The Last of Us gameplay screenshot 1

As you may have guessed, we love single-player games. We share our love every day through the work that we do, but the pace of this industry means that we rarely get the opportunity to stop and look back.

Join us this week as we celebrate the best that single-player gaming has to offer as part of Single-Player Appreciation Week.

Modern gaming follows a trend that seeks player retention over an elongated period of time. Regardless of single-player or multiplayer qualities, the video game industry has shifted its focus to creating experiences that continuously sap a player’s time and money. A few exceptions exist, however. Not all titles are made with the intention of maintaining a player’s attention, yet, over time these titles unintentionally craft experiences that make players want to revisit them. Instead of gamifying a player’s time through repetition and grind, certain titles let their narratives speak for themselves. The quality of a game can often judge how much time it deserves from its audience. Players, will then, honor those titles with praise and relevancy.

The Last of Us is not demanding of your time, yet is worth every second of it. Much like its reclusive narrative, the title avoids relying on flashy set-pieces and over-the-top plot points, allowing the characters to carry most of (if not all) the weight. The Last of Us is like the Uncharted series in this respect, as it focuses primarily on character development instead of environmental eye candy. Although an argument can be made on how Uncharted’s various environments can tell a story, it is through the eyes of Nathan Drake and crew that players experience a grand adventure unlike any other. The Last of Us continues this trend, as it explores an unattractive husk of America, left over after a viral outbreak through the eyes of a man who is running away from his past and a child whose future is bleak.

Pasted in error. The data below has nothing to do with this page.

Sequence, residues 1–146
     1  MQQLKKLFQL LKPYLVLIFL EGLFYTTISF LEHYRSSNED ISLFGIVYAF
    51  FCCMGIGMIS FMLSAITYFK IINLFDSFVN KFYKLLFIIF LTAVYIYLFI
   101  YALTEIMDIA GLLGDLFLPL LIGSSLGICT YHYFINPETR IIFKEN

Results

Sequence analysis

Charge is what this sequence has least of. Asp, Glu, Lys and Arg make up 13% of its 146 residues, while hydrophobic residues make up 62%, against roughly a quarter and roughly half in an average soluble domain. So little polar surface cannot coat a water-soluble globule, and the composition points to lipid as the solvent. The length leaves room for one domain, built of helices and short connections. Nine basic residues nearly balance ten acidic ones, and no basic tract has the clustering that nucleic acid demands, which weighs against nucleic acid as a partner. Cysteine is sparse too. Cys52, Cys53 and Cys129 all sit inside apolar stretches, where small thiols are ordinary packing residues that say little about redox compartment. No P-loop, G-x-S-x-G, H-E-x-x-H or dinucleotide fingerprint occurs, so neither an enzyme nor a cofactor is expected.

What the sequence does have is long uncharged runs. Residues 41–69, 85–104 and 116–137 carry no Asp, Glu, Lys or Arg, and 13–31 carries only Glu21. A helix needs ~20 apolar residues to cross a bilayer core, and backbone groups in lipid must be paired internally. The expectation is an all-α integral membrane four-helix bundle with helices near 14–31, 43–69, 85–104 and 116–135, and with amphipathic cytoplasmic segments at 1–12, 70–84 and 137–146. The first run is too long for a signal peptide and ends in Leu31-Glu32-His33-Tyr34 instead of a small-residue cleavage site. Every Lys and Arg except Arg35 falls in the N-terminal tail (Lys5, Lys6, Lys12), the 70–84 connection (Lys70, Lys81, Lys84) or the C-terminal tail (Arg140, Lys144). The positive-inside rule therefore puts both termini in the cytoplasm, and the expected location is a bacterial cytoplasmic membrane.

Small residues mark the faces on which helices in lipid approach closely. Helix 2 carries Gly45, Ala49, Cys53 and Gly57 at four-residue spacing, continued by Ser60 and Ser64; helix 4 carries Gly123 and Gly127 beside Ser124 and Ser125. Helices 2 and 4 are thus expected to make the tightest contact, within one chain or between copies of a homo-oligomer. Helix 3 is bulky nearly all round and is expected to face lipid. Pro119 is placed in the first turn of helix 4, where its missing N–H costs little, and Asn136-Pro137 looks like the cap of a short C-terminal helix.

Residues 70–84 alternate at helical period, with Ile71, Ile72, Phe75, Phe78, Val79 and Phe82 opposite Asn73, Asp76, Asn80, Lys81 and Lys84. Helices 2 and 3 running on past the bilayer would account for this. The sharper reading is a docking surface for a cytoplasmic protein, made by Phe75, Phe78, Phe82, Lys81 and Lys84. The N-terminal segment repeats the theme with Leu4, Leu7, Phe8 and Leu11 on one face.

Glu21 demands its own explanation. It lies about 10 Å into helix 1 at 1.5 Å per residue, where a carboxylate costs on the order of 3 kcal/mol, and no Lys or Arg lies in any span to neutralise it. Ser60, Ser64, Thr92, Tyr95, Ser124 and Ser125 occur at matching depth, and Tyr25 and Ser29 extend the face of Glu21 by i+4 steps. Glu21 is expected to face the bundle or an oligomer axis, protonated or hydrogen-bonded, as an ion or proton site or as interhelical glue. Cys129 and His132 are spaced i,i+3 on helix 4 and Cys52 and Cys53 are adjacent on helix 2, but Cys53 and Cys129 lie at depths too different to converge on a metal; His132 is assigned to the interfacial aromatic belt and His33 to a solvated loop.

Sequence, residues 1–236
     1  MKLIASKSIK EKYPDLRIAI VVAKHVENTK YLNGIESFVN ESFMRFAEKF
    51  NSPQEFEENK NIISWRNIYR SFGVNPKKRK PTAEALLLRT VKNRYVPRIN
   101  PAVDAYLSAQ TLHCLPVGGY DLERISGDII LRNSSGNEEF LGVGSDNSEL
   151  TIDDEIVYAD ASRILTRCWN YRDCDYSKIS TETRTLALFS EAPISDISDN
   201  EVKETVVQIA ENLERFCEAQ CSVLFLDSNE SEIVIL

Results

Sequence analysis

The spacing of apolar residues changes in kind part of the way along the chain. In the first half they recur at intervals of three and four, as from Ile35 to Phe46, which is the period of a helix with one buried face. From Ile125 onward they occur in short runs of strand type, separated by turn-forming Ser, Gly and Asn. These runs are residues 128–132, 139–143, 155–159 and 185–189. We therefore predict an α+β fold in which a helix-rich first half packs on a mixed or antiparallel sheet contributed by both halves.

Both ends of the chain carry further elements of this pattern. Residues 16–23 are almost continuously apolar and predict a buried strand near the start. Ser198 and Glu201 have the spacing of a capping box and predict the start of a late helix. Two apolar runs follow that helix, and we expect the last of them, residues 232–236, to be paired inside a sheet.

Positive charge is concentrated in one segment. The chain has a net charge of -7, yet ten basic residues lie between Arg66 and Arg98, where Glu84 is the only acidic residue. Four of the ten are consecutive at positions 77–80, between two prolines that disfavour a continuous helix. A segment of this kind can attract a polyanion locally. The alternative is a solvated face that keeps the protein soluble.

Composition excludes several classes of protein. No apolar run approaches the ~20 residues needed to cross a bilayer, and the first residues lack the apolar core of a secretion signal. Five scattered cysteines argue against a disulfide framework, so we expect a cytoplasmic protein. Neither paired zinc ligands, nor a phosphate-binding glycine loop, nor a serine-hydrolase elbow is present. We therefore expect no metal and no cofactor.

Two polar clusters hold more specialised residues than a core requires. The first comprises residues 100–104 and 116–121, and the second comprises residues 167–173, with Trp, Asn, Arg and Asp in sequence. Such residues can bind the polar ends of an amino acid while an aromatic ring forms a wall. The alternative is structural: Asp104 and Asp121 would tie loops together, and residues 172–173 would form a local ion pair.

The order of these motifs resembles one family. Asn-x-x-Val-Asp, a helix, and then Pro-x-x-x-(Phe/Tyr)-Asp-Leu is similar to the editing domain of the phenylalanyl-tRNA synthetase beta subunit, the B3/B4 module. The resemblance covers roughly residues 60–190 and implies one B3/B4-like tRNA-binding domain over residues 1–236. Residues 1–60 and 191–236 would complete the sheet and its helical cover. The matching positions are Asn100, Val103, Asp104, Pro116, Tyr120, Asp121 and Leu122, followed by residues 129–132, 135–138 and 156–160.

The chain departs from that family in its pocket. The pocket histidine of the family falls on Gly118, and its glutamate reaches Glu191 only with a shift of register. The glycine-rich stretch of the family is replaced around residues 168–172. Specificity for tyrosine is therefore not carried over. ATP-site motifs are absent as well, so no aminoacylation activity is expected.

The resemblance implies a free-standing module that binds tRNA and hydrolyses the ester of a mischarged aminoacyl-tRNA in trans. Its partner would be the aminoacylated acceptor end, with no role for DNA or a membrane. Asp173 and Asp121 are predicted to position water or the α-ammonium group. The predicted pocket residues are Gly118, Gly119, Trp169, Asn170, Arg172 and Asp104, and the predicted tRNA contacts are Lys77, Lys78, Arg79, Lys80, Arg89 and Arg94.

The Last of Us gameplay screenshot 7

The dichotomy of Joel and Ellie serves as one of many focal points within The Last of Us’s narrative. From their individual introductions, it becomes immediately apparent that the two personalities are at odds with one another. Joel’s fatherly demeanor swiftly fades away as he watches the one thing in life that matters the most to him, Sarah, get taken from him, resulting in a more closed-minded individual who only cares about their own survival above all else. The instantaneous shift in personality is made known to players once the 20-year time skip concludes, as Joel is preparing for another smugglers run and operating outside of the law. At this point in his life, Joel places survival before anything else, and he is willing to do whatever is necessary to ensure he remains as far away from the bottom of the food chain as possible.

Ellie’s introduction is similar, yet different. While post-outbreak Joel is introduced selfishly caring about his own survival, Ellie is shown to put the lives of others before herself. Her protective nature for those she cares about is evident from the first encounter between the two protagonists. Joel, who enters the room with an injured Marlene, is instantly fought off by a frenzied Ellie who thinks he is the one that harmed her. This introduction forces Ellie to be more hesitant around Joel at first, later allowing herself to open up and care for him the more time they spend together. Ellie’s young and naïve attitude is what makes her character too good for this world. She genuinely cares for others’ wellbeing and safety, in a world that does not deserve such consideration or adoration.